Pocket Science – back-scratching disabled chimps and free-falling aphids

By Ed Yong | August 9, 2010 9:00 am

Not Exactly Pocket Science is a set of shorter write-ups on new stories. It is meant to complement the usual fare of detailed pieces that are typical for this blog.

Chimp see, chimp do – back-scratching technique passes among disabled chimps

Tinka’s hands are paralysed. His fingers are permanently flexed, he can’t bend his wrists and to top it all off, he has a chronic skin condition. His body itches frequently and without dextrous hands, he can’t scratch himself properly. Fortunately, Tinka is an ingenious fellow. He uses his motionless hands to grab a liana (a thick, woody vine) and, stretching it taut, he rubs his itching body against it. Tinka’s a chimpanzee and he has found a way of getting to those hard-to-reach places, like a human towelling their back.

Tinka’s a member of the Sonso chimp community in Uganda, which has high rates of disability, inflicted by man-made snares. The snares were intended for duiker and bush pig, but with hundreds in the area, some chimps inevitably got caught. The snares have been removed but not before they inflicted permanent handicaps on a third of the Sonso chimps. But from this tragedy came an opportunity to study the spread of cultural traditions in wild chimps – an opportunity that’s been seized by Catherine Hobaiter and Richard Byrne form the University of St Andrews.

It’s clear that chimps can pick up new traditions from one another in captivity but their ability to do so in the wild is unclear. In natural conditions, it’s very hard to spot the birth of a new behaviour and to identify the individual who started it. It’s also difficult to work out if others are copying the innovator or just performing acts that were already within their repertoire. But Tinka bucks the trend. His liana-scratch technique is his invention. No other chimp in Sonso, or anywhere else in Africa, does the same thing. And Hobaiter and Byrne have found that at least 6 other chimps have taken up the technique, all of whom lived in the same area as Tinka.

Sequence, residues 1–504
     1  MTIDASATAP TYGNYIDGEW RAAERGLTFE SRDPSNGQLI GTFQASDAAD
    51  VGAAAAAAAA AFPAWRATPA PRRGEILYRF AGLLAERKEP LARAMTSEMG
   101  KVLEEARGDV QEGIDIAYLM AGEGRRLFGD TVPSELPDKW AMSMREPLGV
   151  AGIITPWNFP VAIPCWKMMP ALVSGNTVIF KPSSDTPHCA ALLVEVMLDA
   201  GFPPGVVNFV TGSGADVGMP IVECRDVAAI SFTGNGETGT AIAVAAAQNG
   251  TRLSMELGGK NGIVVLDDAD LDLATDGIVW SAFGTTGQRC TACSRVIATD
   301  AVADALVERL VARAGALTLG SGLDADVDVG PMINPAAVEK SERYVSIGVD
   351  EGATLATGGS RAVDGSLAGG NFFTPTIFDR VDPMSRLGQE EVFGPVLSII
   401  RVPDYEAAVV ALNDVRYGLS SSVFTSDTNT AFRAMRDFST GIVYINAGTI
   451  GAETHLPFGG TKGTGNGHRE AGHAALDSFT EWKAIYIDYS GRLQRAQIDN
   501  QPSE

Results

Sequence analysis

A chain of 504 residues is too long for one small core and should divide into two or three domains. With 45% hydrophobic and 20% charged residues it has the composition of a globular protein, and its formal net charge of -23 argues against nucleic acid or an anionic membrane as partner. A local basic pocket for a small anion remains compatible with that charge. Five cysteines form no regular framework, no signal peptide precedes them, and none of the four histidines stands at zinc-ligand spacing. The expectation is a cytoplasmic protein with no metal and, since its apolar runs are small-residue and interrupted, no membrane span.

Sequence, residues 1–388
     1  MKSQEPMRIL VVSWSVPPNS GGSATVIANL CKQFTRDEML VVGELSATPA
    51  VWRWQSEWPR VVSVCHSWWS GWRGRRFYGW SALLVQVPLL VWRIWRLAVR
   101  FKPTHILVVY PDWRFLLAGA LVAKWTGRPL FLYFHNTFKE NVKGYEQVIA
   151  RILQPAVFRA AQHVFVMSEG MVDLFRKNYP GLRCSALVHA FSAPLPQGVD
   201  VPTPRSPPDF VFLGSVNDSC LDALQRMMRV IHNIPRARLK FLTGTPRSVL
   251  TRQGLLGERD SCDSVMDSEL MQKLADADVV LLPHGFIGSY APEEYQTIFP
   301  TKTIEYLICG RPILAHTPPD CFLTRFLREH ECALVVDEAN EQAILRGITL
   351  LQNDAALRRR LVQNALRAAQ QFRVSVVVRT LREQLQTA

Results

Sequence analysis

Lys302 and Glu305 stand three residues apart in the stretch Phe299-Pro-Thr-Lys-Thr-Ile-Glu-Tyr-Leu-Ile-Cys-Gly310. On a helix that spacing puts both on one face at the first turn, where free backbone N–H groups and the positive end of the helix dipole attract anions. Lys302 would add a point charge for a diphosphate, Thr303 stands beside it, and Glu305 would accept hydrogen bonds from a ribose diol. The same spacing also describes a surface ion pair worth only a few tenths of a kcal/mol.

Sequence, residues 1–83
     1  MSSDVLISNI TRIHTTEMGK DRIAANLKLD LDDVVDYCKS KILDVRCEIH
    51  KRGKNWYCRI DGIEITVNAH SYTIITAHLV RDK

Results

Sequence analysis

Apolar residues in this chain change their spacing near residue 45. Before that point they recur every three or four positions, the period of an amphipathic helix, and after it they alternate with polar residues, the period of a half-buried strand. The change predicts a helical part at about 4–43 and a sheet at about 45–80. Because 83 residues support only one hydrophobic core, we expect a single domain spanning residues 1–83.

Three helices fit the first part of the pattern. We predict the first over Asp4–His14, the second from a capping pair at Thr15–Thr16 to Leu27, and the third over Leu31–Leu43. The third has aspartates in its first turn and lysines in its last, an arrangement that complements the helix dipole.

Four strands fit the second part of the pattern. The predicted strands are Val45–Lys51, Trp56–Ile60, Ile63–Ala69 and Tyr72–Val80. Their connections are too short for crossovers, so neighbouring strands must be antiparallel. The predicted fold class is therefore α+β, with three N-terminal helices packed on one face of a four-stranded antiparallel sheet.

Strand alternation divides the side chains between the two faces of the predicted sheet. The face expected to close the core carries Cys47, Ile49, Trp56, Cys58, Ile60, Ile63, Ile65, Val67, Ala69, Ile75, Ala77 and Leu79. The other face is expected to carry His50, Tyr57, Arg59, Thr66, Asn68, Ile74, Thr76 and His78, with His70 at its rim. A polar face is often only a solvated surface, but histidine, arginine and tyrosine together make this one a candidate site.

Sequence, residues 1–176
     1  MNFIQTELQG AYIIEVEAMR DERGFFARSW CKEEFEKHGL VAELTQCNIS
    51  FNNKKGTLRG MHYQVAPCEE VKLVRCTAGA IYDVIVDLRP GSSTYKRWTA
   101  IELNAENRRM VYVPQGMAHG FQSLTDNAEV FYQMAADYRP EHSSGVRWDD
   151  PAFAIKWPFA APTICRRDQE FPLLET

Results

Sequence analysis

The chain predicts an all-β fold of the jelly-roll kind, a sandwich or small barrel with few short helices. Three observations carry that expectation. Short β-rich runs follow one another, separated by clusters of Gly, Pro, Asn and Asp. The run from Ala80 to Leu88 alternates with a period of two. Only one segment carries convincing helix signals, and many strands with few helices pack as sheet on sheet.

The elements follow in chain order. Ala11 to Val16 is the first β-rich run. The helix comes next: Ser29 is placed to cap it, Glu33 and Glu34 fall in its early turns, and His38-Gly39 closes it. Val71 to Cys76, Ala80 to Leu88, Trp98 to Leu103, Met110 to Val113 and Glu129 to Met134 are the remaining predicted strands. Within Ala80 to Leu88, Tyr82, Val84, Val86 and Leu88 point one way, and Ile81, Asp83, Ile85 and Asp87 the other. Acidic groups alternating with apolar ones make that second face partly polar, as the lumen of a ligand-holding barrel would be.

There’s no element of active teaching here. After merely watching Tinka perform his special move, the apeing apes could do it themselves sometime later. Chimp see, chimp do. What’s more, many of these imitators aren’t handicapped and the technique doesn’t seem to offer them any benefits – they could just scratch or groom themselves if they wanted. Hobaiter and Byrne think that this is just a “behavioural fad”, reflective of the chimpanzee’s natural predilection for copying its peers.

Reference: PLoS ONE: http://dx.doi.org/10.1371/journal.pone.0011959

More on chimp cultures from me

Aphids drop and roll when they detect mammal breath

For a colony of aphids, there can be few fates as humiliating as being suddenly eaten by a passing goat. Plant-eating mammals pose a great threat to plant-eating insects. One chomp can unwittingly take out an entire colony. But as hungry mammals get closer, they give off a warning –hot, wet breath. Pea aphids take this as a cue to stop, drop and roll – they let go of their plant en masse and fall away from the jaws of death.